Game Reviews

Kingdoms of Amalur Re-Reckoning Review

A disappointing remaster of a great game

by Abdul Saad

Kingdoms of Amalur Reckoning was a steller RPG that came out in 2012, which seems like ages ago now. It had excellent RPG elements that could rival games such as Skyrim and Dragon Age. Unfortunately, the game did not break out into the huge success it deserved but was good enough to earn itself a cult following. Now in 2020, THQ Nordic surprised fans by announcing an all-new remaster for the fan-favorite title on current-gen consoles and PC, exciting many hardcore fans. It’s just too bad that excitement was short-lived.

In Kingdoms of Amalur Re-Reckoning, you play as the Fateless one, a hero who isn’t bound to a destiny with the ability to freely change their fate as well as the fates of others. You are tasked with defeating Gadflow, King of the Winter Court, who aims to bring ruin to Amalur. As the Fateless one, this gives you a significant advantage in battle as instead of being bound to a single class system; you are free to mix and match skills between the three classes, namely; Might, Finesse, and Sorcery. As you can guess, this provides much more freedom than most games in the genre.


The combat in Kingdoms of Amalur is still the most fun aspect of the game. Even in 2020, the combat system still holds up with fluid animations, epic skills, an excellent variety of weapons, as well as the freedom to decimate your foes in whatever way amuses you the most. The most satisfying method for me is still filling up the fate meter, which allows you to go into reckoning mode and unleash gruesome and devastating attacks to nearby enemies. However, the only thing that holds back the combat in the game is the irritating camera movement and angles that haven’t changed much since the original.

Additionally, players can also unlock points that can be used to progress more practical skills such as Blacksmithing, Alchemy, Lock picking, and Persuasion. These skills are obviously very useful for your journey and can significantly change the way you progress through quests. I’ve only briefly touched on the gameplay systems, as most of it hasn’t changed. However, if you’re looking for more information about these systems, check out our original review.

Story-wise, the quests in Kingdoms of Amalur still aren’t all that remarkable. While they have their fair share of good moments and excellent voice acting, the game is similarly structured to an MMO, whereby players move from one quest to another, killing enemies, gathering items, and slaying some bosses here and there.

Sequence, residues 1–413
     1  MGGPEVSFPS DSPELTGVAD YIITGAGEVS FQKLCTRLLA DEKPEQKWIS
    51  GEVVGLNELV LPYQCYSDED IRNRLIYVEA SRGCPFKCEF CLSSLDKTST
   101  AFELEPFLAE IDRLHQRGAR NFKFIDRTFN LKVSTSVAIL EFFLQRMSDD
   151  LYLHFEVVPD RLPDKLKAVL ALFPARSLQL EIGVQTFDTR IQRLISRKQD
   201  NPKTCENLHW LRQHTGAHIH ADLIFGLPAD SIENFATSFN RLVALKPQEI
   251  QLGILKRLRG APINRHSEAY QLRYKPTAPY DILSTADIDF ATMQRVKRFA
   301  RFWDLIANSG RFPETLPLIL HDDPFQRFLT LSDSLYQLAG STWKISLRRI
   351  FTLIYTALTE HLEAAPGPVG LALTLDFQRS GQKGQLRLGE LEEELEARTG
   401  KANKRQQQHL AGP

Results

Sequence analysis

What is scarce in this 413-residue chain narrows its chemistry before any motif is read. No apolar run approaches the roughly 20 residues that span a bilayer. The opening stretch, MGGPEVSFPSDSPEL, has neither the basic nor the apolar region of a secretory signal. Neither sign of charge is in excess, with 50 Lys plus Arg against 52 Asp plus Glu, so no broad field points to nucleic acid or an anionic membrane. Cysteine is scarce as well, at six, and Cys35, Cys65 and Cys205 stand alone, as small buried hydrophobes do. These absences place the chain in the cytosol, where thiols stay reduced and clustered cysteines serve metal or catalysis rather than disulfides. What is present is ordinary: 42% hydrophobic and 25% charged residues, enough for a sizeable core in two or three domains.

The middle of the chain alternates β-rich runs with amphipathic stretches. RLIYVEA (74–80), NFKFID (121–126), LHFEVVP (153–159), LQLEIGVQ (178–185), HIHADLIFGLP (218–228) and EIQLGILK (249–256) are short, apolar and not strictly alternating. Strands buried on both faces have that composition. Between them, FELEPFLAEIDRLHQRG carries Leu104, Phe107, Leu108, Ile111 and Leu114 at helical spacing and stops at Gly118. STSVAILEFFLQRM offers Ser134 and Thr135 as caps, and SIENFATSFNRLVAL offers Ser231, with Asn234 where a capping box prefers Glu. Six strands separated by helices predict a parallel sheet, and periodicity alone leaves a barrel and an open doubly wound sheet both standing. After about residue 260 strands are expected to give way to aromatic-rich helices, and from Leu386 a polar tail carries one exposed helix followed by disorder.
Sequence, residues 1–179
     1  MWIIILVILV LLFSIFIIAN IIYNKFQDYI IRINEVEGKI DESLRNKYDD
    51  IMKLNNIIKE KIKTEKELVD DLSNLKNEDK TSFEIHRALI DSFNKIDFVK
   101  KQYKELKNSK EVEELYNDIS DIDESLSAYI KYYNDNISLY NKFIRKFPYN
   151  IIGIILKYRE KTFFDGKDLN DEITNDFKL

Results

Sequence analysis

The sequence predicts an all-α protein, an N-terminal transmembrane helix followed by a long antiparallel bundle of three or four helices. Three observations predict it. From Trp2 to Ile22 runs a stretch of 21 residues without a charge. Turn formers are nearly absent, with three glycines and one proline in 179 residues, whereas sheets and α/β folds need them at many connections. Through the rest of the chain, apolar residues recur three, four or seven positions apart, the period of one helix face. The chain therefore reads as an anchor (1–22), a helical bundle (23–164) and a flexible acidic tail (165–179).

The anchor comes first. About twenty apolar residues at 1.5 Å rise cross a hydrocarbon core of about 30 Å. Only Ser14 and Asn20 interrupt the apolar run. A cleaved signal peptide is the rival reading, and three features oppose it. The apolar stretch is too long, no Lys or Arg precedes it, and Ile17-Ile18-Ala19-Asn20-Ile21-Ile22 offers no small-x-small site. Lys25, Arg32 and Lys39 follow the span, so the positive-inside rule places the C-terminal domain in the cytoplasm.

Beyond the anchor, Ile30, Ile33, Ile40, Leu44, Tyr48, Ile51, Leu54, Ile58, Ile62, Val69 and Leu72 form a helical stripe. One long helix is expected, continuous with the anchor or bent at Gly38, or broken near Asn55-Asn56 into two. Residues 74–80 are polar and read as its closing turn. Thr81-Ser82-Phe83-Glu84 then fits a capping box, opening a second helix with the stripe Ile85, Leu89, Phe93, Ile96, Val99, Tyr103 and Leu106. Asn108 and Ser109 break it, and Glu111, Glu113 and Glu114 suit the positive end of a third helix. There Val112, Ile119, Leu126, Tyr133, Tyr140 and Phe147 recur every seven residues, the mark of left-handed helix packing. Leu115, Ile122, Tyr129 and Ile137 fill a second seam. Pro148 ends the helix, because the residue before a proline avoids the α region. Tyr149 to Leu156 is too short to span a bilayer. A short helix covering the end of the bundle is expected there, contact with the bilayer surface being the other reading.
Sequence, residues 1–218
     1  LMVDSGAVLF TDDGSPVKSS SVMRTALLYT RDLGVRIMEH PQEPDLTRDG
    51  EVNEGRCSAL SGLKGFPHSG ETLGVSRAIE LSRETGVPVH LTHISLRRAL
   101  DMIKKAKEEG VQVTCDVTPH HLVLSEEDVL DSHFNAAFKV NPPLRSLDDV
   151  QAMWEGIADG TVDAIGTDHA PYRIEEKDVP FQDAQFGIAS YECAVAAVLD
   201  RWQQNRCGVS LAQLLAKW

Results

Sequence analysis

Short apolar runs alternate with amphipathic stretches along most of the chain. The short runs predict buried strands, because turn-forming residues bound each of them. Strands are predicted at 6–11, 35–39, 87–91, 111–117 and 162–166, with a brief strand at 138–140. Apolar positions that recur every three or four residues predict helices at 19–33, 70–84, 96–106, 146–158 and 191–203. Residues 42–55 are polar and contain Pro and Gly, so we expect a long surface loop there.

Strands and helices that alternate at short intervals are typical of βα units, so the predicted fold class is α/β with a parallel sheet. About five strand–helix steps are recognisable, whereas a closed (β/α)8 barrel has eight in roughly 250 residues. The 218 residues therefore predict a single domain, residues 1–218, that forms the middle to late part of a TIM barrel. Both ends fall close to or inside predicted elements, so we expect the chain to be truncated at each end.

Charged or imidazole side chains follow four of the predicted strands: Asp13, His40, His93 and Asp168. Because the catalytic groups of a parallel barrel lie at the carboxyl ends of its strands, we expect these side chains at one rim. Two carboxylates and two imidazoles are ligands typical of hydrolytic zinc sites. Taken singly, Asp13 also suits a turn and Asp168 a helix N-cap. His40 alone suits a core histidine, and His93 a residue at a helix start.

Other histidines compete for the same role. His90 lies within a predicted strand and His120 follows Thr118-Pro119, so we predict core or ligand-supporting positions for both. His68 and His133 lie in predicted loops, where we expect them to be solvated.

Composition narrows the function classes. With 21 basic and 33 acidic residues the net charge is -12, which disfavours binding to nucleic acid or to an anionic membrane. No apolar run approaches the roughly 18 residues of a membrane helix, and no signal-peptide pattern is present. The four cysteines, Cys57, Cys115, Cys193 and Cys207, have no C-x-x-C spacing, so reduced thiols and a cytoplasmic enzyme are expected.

When it comes down to it, Kingdoms of Amalur Re-Reckoning, while not a bad game, is simply not a good remaster, as it’s more of a port with added features than anything else. The little attempts made to make the game look better were made through some minor texture updates here and there, making the environments slightly brighter and character models slightly smoother, yet still looking very much the same with its dated art style similar to older WOW days.

Gameplay-wise, Kingdoms of Amalur Re-Reckoning also includes some updated elements that are at least noteworthy, such as the removal of level locking, which means players can now expect enemies to scale to their levels when moving from one area to another. This is perhaps the most useful and appreciated addition thus far (at least to newcomers). Other than that, a new Very Hard difficulty mode was added to the game, which should offer more challenge to seasoned players, and an updated loot system, making it easier for players to find more loot that’s relevant to their current build.


The Verdict

Overall, Kingdoms of Amalur is still a solid game even to this day. It’s just too bad its remastered version is quite frankly disappointing. The remaster had so much potential, too, as it could’ve improved on the elements holding the original game back, such as the outdated UI and the tedious inventory management system, which is still very much an issue.  Kaiko could’ve done a better job of upscaling the visuals and overall stability, as some things like frame rate dips can be found in the remastered version, which shouldn’t still be an issue all this time later. What’s worse is that fans who wish to access the new content in the upcoming “Fatesworn” DLC will have to fork up an extra $15 for the Fate Edition of the subpar remaster. Sadly, it just feels like a good opportunity to make a great game even better was unfortunately squandered.

- This article was updated on:September 17th, 2020

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Kingdoms of Amalur Re-Reckoning

  • Available On: PC, Xbox One
  • Published By: THQ Nordic
  • Developed By: Kaiko
  • Genre: RPG, Action RPG
  • US Release Date: September 8th, 2020
  • Reviewed On: PlayStation 4
  • Quote: "Kingdoms of Amalur is still a solid game even to this day. It’s just too bad that as a remaster, the game is quite frankly disappointing."
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